China’s Stone Age Venice Destroyed By Climate Change

China’s Stone Age Venice Destroyed By Climate Change

Liangzhu, in China’s Yangtze Delta, reached technical improvement 5,300 years ago, which was likely unprecedented in the world at the time, It dubbed “China’s Venice of the Stone Age” because of its system of canals and dams, but the city and its culture perished abruptly after over a thousand years. 

The origin of the floods has been contested, but a recent study blames it on transient climatic shifts that triggered flooding beyond the control of even the most modern water management system. Liangzhu was a pioneer in hydraulic engineering at a period when most of the world had yet to find agriculture. Although the city walled to keep attackers out, the rivers that permitted the cultivation of wide portions of the lush, but naturally waterlogged, delta must have been a marvel to any visitors.

The construction of such an old masterpiece by people who had not yet discovered metallurgy is a marvel, but Professor Christoph Spötl of the University of Innsbruck is more interested in why such a long-standing metropolis eventually crumbled. Spötl and co-authors link the data with fluctuations in the intensity of the Asian monsoon in Science Advances.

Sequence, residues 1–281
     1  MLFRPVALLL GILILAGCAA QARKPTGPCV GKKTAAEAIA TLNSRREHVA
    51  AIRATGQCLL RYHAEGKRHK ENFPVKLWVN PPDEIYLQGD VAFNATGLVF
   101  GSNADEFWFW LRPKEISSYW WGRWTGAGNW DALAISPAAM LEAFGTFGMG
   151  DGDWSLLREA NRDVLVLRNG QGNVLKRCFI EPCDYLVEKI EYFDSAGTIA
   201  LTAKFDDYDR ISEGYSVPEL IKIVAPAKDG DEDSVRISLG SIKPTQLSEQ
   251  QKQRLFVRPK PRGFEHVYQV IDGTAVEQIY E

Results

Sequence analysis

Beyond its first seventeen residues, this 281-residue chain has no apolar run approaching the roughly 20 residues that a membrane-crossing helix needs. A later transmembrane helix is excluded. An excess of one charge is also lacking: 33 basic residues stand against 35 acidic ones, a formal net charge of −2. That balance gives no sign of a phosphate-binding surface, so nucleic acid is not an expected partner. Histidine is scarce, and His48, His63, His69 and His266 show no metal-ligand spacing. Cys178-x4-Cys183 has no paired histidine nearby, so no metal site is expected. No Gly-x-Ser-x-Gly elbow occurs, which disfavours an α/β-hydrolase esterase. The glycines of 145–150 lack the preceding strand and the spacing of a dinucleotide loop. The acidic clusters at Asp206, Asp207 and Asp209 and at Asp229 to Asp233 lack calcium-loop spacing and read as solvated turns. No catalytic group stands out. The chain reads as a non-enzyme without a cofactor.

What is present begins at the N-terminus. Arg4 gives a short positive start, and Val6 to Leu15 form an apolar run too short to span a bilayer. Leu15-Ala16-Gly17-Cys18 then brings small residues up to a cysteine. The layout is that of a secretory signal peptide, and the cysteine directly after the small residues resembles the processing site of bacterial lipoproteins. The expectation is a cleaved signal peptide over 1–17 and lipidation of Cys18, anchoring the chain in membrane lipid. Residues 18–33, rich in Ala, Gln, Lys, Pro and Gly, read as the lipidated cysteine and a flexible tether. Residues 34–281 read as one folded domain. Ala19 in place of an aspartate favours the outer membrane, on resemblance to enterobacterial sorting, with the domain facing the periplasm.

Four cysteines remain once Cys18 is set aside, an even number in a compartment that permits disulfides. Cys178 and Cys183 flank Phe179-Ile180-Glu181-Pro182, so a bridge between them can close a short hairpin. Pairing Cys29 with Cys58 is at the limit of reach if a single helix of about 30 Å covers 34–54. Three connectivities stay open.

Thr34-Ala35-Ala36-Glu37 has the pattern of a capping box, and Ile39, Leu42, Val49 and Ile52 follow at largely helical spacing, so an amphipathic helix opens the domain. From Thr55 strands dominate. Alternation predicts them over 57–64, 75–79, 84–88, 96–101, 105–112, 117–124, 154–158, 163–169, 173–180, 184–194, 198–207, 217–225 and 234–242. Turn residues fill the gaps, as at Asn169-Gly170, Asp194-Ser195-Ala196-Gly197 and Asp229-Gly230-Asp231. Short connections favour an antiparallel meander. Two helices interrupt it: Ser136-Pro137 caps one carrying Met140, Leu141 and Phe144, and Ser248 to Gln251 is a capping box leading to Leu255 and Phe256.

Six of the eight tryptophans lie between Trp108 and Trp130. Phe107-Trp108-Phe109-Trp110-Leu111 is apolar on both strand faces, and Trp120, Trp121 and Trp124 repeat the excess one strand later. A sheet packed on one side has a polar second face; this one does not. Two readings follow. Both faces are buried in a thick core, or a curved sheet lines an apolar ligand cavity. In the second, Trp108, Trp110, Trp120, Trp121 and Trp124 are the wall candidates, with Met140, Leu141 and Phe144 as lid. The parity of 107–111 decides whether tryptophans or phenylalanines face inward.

“A thin coating of clay was discovered on the surviving ruins, suggesting a link between the great civilization’s downfall and floods from the Yangtze River or the East China Sea. Human reasons such as warlike conflicts were determined to be lacking in evidence “In a statement, Spötl remarked.”

However, from the mud layer itself, no unambiguous conclusions on the reason could be drawn.” To see if floods were the issue, the researchers used stalagmites from the Shennong and Jiulong caves to study the climate higher up in the Yangtze River Valley during the last 100,000 years. Although the rate of precipitation of limestone in caves provides a rough indicator of rainfall at the period, carbon isotope analysis provides significantly more precision.

The Valley witnessed a significant rise in rainfall between 4,345 and 4,324 years ago. The time of Liangzhu’s collapse coincides with the study’s margin of error. “The heavy monsoon rains most likely caused major flooding of the Yangtze and its branches, damaging Liangzhu City and causing people to escape,” Spötl added.

Survivors may have regained the city if things had soon returned to normal, but the caverns record further periods of extremely wet weather over the following 300 years. These episodes were probably much too numerous at the time to make reconstructing the city feasible. To the descendants of people who formerly lived there, Liangzhu would have been a legend at best by the time the climate reverted to that of its glory days.

Other climatic alterations corresponded with developments in Chinese culture, according to the cave record, notably when a megadrought approximately 4,000 years ago coincided with the establishment of the first dynasty. The emperor, Yu the Great, may have aided by the drought’s timing in controlling the floods that had hampered growth for 300 years.